What Is High Acuity Care in Senior Living?

Are you unable to help your loved one with dementia recover from a serious illness or injury? Ask their primary care provider about high acuity care. Keep reading to learn more about this customized form of senior care.

What Is High Acuity Care?

High acuity care is short-term care provided to patients who need special supervision while recovering from a serious illness or injury. This type of targeted care includes physical therapy, occupational therapy, and memory care therapy. It can also include helping patients complete simple daily activities, such as walking around the house and washing dishes.

High acuity care is tailored to meet individual patient needs. Two main benefits are shorter recovery time and a quicker return to normal activities. Since this care type requires the expertise of a medical professional, untrained family members aren’t equipped to provide it.

What Determines Patient Acuity?

Patient acuity measures a person’s physical abilities. Primary determining factors include:

  • Mobility: Can the patient move around without assistance?
  • Condition stability: Is the patient’s condition stable or unstable?
  • Pain management: Is the patient’s pain manageable without special care, or would medical acuity care help ease the pain?
  • Mental health: Would the patient’s mental health status benefit from high acuity mental health care?
  • Cognitive health: Does the patient suffer from memory loss?
  • Overall physical health: Does the patient require any level of physical rehabilitation?

Low Acuity vs. High Acuity Patients

There are a few key differences between low acuity and high acuity patients. Low acuity patients are more independent and require minimal nursing acuity care because their illness or injury is mild.

High acuity patients are less independent and require more assistance from a high acuity nursing service. Since their illness or injury is more severe, they require closer and more frequent monitoring along with more professional medical observation.

7 Conditions That Are Often Considered High Acuity

The following conditions are often considered high acuity because they impede mobility and cognitive function.

  1. Alzheimer’s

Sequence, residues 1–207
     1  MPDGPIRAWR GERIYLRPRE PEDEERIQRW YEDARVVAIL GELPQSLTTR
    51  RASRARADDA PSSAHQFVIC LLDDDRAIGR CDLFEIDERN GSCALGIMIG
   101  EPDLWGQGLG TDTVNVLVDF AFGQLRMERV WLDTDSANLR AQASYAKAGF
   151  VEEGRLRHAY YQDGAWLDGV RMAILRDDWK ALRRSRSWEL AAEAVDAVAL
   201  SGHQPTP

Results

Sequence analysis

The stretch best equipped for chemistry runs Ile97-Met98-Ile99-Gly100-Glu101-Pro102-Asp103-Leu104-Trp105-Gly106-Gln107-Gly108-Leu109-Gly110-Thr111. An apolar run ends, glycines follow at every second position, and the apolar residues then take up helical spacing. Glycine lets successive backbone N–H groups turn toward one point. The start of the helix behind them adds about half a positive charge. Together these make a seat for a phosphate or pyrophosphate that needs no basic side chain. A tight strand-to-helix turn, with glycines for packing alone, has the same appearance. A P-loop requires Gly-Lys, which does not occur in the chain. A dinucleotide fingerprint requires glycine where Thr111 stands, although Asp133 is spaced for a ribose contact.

2. Dementia
  3. Parkinson’s
  4. ALS
  5. MS
  6. Stroke
  7. Serious fall or another injury

How High Acuity Care Helps Seniors in Assisted Living Communities

In-house high acuity care allows seniors to receive the customized attention they need without stepping foot outside their assisted living communities. The four main categories of high acuity care are:

Physical Therapysenior dementia patient playing with puzzle pieces

Physical therapy helps patients build strength and balance. It’s designed for those who suffered a fall, causing them to injure their knees, ankles, or back. Physical therapy also helps patients recover from surgery.

Occupational Therapy

Occupational therapy helps patients who either suffered from a stroke or have Parkinson’s, ALS, or MS improve everything from hand-eye coordination to bathing to eating and drinking.

Speech Therapy

Speech therapy is designed for patients who suffered speech deficits due to a stroke or had surgery on their throats or vocal cords. It helps them regain proper speech and swallowing function.

Memory Care Therapy

Memory care therapy helps patients with Alzheimer’s or dementia improve their cognitive abilities.

The High Acuity Care Your Loved One Deserves

If you’re overwhelmed by helping a loved one with dementia recover from an illness or injury, Terra Vista is here to help. By offering a comprehensive range of individualized medical services, our team of memory experts can provide the quality care they need to restore optimal mobility and cognitive function. Want to learn more about high acuity care at Terra Vista? Contact us today for more information.

Speak With a Terra Vista Specialist

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